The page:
News cycles would gyrate accordingly: “walking beats biking;” “biking beats walking;” “swimming beats biking;” “walking beats swimming.” The public, hearing almost never about the benefits of activity in general, and hearing incessantly instead the discord among factions- would be left to conclude that exercise experts can’t agree on anything, and know nothing reliably.
They would all retire to their couches and limit exercise to rolling their eyes at all concerned.
This column was reviewed and approved for content accuracy by one of the authors of the newly published papers in the Annals of Internal Medicine prior to posting.
Dr. David L. Katz is author of The Truth about Food; founder & President of the True Health Initiative; founder/CEO of Diet ID; and founding director of Yale University’s Yale-Griffin Prevention Research Center. He is a 2019 James Beard Foundation Award finalist in health journalism.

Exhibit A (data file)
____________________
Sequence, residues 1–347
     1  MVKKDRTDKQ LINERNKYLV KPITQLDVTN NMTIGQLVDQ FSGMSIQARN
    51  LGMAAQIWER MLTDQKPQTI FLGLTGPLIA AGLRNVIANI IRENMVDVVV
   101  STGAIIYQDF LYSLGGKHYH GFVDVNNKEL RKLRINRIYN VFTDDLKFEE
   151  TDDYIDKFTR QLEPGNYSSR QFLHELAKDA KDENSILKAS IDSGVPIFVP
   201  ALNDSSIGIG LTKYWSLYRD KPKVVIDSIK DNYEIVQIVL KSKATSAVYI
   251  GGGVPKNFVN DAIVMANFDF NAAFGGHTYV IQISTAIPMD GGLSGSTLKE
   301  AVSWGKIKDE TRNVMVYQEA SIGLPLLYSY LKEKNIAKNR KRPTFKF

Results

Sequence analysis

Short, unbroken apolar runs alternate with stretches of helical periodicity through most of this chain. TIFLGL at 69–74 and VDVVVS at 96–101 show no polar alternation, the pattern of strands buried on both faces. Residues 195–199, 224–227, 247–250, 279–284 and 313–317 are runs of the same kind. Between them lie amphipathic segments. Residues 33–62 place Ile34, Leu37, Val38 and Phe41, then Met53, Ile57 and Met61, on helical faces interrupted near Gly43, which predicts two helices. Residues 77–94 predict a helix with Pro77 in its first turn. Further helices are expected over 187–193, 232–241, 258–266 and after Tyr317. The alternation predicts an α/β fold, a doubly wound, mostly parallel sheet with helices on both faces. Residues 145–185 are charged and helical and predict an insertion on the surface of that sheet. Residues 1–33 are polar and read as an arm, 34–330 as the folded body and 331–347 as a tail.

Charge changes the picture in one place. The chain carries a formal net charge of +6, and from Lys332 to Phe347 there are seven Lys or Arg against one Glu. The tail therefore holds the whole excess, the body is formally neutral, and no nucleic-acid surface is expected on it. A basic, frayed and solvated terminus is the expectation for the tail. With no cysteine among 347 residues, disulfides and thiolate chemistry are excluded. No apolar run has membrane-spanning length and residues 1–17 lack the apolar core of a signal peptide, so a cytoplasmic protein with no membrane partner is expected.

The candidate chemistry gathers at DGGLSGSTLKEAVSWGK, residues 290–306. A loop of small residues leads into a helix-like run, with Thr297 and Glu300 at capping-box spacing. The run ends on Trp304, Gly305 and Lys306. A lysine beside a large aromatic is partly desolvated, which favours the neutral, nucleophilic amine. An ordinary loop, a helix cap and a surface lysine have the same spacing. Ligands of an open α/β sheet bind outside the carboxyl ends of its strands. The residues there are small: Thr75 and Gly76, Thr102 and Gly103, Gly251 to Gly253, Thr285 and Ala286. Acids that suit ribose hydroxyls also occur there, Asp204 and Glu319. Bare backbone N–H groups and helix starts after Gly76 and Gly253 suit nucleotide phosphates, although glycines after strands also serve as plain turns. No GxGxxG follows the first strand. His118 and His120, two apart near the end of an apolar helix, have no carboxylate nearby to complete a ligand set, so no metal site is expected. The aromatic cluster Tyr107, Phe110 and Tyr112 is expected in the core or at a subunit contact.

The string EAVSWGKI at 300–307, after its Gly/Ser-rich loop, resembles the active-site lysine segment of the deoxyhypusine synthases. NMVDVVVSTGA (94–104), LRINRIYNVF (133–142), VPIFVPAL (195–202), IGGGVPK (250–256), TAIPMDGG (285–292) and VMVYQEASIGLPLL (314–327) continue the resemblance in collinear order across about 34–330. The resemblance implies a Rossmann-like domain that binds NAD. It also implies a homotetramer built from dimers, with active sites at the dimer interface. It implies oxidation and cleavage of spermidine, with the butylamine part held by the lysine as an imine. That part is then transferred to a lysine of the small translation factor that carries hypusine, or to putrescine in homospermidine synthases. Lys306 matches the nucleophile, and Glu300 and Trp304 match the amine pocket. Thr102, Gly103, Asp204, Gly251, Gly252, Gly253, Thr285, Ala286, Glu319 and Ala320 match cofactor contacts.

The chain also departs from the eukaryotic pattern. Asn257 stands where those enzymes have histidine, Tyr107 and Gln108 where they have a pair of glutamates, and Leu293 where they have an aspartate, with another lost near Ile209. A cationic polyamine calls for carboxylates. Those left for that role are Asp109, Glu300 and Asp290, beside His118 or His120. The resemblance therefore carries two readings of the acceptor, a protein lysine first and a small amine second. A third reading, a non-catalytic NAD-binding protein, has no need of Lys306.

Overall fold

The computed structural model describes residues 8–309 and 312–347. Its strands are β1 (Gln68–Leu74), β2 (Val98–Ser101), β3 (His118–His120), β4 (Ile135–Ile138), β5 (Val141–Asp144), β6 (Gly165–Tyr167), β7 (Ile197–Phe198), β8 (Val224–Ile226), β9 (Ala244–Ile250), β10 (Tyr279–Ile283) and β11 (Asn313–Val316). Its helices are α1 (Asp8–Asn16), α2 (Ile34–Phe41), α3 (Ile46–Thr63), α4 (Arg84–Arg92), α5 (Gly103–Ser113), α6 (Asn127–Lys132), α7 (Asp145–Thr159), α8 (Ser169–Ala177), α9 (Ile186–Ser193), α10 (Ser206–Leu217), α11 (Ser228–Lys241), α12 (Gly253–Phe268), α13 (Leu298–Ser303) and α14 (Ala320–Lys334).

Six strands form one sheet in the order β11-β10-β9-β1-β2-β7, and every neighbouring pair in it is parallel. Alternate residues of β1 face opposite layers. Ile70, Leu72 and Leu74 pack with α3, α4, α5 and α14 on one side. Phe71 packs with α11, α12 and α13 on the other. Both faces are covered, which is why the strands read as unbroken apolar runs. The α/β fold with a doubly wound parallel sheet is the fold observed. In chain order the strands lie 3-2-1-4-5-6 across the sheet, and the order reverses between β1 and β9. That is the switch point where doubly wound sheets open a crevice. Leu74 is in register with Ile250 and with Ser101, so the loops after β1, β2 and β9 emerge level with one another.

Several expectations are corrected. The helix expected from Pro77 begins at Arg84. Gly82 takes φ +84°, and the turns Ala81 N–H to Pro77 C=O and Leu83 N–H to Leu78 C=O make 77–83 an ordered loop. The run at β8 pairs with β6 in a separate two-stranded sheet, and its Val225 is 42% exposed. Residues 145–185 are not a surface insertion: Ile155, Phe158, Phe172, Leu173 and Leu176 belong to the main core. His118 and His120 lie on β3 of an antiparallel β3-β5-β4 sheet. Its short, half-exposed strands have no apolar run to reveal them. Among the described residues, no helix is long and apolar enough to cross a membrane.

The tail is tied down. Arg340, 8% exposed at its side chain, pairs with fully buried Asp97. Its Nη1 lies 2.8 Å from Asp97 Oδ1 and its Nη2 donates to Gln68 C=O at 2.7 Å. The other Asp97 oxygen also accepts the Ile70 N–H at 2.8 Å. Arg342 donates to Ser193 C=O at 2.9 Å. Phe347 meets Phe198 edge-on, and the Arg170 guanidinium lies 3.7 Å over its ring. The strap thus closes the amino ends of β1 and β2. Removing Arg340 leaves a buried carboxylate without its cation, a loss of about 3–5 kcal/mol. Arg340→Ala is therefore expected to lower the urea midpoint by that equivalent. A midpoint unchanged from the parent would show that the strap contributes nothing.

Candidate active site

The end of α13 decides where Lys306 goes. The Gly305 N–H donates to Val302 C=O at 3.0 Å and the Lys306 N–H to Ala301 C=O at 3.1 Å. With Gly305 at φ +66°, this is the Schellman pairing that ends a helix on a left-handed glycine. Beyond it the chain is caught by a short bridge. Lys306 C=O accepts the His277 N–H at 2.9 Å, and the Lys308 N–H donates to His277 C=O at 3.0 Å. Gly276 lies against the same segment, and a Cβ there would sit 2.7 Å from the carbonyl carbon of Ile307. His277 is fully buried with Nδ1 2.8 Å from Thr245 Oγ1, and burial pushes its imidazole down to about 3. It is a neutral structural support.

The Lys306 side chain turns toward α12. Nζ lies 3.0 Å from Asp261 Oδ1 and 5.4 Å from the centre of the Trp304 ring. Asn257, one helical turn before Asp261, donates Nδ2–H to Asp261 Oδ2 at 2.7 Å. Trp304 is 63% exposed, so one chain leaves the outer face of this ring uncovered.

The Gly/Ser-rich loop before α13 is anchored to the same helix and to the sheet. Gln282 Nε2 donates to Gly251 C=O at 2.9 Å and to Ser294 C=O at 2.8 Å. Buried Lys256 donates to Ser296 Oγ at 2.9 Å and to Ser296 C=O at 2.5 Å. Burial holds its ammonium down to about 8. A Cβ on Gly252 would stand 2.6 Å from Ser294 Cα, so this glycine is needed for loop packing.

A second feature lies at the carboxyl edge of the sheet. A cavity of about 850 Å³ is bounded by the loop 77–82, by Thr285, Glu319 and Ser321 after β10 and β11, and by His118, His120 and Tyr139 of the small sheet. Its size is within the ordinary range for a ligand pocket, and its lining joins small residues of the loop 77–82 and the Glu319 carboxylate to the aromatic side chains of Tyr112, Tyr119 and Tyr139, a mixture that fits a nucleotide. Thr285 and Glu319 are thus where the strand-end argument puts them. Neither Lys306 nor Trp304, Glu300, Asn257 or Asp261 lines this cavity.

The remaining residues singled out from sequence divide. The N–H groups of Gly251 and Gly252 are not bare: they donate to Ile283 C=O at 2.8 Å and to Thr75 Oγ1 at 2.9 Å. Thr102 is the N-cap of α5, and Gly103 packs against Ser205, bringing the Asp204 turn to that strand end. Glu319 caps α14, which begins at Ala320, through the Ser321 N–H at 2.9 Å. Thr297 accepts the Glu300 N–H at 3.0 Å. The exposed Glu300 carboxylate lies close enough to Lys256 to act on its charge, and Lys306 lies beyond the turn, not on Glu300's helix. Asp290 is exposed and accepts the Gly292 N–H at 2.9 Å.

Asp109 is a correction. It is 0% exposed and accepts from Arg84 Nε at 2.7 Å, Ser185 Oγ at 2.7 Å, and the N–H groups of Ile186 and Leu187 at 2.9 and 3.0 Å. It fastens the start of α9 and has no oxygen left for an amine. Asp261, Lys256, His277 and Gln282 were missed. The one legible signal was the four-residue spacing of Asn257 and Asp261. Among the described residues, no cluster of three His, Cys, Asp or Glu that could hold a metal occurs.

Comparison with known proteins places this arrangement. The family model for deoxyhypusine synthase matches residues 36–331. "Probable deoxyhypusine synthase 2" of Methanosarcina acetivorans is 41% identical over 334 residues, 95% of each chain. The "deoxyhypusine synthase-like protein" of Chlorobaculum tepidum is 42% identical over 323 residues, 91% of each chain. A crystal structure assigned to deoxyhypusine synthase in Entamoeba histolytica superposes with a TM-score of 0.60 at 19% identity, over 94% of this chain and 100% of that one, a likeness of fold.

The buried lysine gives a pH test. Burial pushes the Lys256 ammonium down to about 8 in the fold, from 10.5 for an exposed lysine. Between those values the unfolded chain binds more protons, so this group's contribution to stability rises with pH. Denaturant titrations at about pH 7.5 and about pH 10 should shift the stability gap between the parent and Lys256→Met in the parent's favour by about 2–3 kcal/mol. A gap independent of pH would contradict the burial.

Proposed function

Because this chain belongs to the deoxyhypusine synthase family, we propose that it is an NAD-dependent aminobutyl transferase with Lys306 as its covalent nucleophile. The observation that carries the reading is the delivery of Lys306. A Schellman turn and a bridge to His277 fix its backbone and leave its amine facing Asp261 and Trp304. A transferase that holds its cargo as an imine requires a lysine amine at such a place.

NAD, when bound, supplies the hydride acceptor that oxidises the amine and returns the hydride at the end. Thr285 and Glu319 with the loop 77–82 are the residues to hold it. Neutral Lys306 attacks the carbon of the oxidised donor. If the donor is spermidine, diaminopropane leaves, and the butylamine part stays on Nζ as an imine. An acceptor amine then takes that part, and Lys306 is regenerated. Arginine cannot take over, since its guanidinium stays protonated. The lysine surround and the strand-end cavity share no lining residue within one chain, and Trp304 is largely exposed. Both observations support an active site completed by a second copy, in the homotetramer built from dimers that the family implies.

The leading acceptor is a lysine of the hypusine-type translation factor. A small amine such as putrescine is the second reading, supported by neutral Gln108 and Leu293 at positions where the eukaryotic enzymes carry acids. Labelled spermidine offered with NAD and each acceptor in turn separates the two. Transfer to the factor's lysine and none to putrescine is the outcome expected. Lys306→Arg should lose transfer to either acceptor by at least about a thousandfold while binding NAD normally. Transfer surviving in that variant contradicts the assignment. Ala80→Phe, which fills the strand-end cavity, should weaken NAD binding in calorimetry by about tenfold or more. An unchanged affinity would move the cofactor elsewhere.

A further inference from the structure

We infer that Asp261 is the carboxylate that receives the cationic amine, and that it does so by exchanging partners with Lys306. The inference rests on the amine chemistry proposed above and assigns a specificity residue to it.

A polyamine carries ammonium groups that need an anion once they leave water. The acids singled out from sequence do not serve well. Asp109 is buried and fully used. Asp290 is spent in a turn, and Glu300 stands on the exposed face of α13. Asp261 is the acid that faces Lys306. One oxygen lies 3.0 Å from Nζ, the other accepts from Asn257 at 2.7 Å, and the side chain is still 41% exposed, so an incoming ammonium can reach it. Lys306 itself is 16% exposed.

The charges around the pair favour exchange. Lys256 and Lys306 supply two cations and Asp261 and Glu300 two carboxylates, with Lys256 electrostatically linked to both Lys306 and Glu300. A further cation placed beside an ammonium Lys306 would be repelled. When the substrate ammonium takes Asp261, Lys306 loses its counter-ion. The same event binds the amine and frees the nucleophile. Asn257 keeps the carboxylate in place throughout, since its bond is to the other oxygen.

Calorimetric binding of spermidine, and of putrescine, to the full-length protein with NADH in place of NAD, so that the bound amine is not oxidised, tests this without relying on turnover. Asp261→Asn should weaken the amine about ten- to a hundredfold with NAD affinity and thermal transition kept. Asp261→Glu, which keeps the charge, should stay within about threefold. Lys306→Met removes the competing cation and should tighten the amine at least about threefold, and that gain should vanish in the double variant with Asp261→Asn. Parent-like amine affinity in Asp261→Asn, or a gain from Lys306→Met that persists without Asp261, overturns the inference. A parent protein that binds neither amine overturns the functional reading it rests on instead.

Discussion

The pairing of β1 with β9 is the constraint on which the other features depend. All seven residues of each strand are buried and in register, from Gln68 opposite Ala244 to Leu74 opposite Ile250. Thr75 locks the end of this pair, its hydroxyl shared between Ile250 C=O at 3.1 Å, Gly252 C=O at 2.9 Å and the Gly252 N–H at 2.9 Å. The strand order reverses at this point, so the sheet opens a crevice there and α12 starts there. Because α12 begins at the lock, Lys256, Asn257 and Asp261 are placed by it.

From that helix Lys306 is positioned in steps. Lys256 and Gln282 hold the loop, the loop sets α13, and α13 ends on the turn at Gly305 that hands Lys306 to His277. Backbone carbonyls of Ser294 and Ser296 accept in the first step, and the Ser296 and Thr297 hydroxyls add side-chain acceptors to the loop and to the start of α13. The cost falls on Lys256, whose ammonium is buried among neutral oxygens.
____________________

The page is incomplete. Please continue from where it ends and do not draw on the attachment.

David L. Katz, MD, MPH, FACPM, FACP, FACLM, is the Founding Director (1998) of Yale University’s Yale-Griffin Prevention Research Center, and current President of the American College of Lifestyle Medicine. He has published roughly 200 scientific articles and textbook chapters, and 15 books to date, including multiple editions of leading textbooks in both preventive medicine, and nutrition. He has made important contributions in the areas of lifestyle interventions for health promotion; nutrient profiling; behavior modification; holistic care; and evidence-based medicine. David earned his BA degree from Dartmouth College (1984); his MD from the Albert Einstein College of Medicine (1988); and his MPH from the Yale University School of Public Health (1993). He completed sequential residency training in Internal Medicine, and Preventive Medicine/Public Health. He is a two-time diplomate of the American Board of Internal Medicine, and a board-certified specialist in Preventive Medicine/Public Health. He has received two Honorary Doctorates.